Kicking off Side B, “Fakin’ It” is evidence that Simon also found a lot to like in particular strands of American popular music, in this instance borrowing heavily from the psychedelic-folk sounds of Love’s Forever Changes, making use of a strong, recurring acoustic riff as well as handclaps and brief, otherworldly bursts of horns and strings. A track that is littered with aspects of British psychedelic-pop, “Punky’s Dilemma” is a finely crafted happy-go-lucky piece that includes lines like “I wish I was an English muffin / ‘Bout to make the most of a toaster / I’d ease myself down / Coming up brown / I prefer boysenberry / Than any other jam”, and is really just Simon tipping his hat to groups like Small Faces and The Zombies in a very appropriate and charming way. Undoubtedly the album’s biggest audience puller, the endearing, folk-pop staple “Mrs. Robinson” is still a classic track, one that has probably been most associated with the pair, and deservedly so. Originally titled “Mrs. Roosevelt” but reworked to fit the narrative of The Graduate, the upbeat sing-a-long nature of the song belies Simon’s lyrics, who pines for the loss of American icons and role models, as well as being disillusioned with the political climate in the late 60s – “Going to the candidates’ debate / Laugh about it / Shout about it / When you’ve got to choose / Every way you look at it you lose”. A chart-topper through and through, “Mrs. Robinson” hit #1 on the Billboard Hot 100 in 1968 and later earned the pair a Grammy, in the form of Record of the Year. The album’s last pairing; “A Hazy Shade of Winter” and “At the Zoo” encapsulate the very nature of Bookends, or at least its second half, with the former imbuing the same driving, cheery vibe as “Mrs. Robinson” and the latter signing the album off by superbly balancing soft, quiet acoustic passages with verses in the style of a children’s song, and an incredibly infectious one at that.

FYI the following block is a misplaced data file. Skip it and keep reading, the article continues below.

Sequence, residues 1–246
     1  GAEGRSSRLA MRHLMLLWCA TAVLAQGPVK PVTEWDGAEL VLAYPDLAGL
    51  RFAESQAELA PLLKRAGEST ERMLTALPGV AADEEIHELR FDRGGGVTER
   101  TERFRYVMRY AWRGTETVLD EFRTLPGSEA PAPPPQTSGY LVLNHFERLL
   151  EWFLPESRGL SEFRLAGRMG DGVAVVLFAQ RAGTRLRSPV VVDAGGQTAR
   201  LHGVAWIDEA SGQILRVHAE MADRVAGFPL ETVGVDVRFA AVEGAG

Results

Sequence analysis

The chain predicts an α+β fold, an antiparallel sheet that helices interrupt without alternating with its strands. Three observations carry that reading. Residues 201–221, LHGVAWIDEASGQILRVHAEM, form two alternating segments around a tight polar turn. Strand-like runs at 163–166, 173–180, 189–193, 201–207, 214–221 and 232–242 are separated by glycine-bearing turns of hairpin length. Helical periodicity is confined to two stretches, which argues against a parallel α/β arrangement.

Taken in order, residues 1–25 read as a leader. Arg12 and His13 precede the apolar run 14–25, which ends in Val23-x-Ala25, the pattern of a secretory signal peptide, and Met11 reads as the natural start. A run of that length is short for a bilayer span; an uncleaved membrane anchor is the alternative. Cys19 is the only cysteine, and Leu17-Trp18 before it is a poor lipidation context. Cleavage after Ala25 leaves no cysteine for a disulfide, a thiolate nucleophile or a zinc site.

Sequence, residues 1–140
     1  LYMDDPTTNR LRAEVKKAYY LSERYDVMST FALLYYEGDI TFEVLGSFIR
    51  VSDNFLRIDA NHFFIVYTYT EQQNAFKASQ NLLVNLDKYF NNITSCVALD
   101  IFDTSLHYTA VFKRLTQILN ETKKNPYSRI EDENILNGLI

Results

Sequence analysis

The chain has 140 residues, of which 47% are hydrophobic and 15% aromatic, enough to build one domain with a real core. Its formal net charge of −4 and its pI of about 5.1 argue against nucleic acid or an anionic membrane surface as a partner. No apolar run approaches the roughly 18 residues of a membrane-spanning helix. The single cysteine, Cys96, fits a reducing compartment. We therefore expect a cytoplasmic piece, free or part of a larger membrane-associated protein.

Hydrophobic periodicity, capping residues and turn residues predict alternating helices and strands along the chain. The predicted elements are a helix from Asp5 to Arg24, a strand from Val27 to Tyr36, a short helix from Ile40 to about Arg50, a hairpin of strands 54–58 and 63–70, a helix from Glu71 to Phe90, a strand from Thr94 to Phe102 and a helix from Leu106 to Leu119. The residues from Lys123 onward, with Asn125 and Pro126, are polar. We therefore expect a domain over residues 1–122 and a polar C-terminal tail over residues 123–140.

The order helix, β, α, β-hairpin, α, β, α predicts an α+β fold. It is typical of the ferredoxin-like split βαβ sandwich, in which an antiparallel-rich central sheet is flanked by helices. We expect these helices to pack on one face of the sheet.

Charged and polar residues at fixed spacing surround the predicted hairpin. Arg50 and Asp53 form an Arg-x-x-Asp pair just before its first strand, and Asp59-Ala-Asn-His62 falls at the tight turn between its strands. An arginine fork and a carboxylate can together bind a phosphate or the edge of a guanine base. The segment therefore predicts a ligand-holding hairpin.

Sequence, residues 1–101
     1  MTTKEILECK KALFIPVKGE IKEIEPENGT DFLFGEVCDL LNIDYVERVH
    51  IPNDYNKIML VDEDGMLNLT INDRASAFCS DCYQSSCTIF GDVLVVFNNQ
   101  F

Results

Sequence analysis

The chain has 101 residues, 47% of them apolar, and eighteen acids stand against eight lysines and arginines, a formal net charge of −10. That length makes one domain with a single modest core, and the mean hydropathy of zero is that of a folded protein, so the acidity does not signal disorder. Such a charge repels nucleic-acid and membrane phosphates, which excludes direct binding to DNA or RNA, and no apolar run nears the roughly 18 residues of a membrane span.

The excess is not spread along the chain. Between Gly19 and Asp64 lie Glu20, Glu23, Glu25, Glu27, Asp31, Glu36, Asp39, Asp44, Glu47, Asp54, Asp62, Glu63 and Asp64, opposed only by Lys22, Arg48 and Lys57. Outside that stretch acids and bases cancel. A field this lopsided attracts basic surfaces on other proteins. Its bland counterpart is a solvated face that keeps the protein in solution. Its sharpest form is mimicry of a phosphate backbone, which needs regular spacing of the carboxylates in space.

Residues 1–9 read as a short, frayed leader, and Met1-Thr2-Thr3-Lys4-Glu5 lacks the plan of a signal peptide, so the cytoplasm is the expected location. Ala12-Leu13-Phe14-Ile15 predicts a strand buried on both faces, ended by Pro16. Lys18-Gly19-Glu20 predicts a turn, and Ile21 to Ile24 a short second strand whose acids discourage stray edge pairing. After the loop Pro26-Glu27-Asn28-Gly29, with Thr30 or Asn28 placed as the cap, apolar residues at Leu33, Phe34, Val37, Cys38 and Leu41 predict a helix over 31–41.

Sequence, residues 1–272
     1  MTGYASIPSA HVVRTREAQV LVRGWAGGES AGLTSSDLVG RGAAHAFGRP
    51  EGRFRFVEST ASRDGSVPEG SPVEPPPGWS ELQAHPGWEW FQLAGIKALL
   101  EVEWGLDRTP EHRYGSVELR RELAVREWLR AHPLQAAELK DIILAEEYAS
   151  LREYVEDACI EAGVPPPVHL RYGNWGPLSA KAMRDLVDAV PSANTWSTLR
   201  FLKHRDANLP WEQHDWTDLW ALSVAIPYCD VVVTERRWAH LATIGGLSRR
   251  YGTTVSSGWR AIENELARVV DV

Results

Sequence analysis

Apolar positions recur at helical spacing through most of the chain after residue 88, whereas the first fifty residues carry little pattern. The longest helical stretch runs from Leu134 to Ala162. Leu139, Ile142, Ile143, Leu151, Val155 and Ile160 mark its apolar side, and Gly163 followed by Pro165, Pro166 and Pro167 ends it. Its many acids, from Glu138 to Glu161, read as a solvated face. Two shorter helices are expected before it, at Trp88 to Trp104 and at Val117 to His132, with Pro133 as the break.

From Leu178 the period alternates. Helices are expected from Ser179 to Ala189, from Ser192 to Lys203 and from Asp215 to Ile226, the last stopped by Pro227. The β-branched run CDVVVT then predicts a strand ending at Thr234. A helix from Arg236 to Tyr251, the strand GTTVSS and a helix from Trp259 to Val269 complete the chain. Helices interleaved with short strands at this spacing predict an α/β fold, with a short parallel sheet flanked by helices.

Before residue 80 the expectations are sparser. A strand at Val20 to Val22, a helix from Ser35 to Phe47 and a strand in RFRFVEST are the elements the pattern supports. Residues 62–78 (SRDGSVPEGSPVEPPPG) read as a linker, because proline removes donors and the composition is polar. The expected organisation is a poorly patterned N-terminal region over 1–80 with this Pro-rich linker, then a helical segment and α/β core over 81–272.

With only a few glaring shortcomings, Bookends is a delightful offering of folk-pop, sure the vague concept in the album’s first half isn’t particularly well orchestrated, but the individual songs (not interview recordings) are still melodic, brilliantly composed and meticulously arranged. Not bad for a pair that I once thought of as guys that sat on stools and hummed a bit. Along with Sounds of Silence and their last studio album Bridge Over Troubled Water, it’s basically essential listening for anyone who, like myself not long ago, don’t exactly rate Simon & Garfunkel or aren’t aware of their true musicality – chances are your image may be shattered too, and that’s not necessarily a bad thing.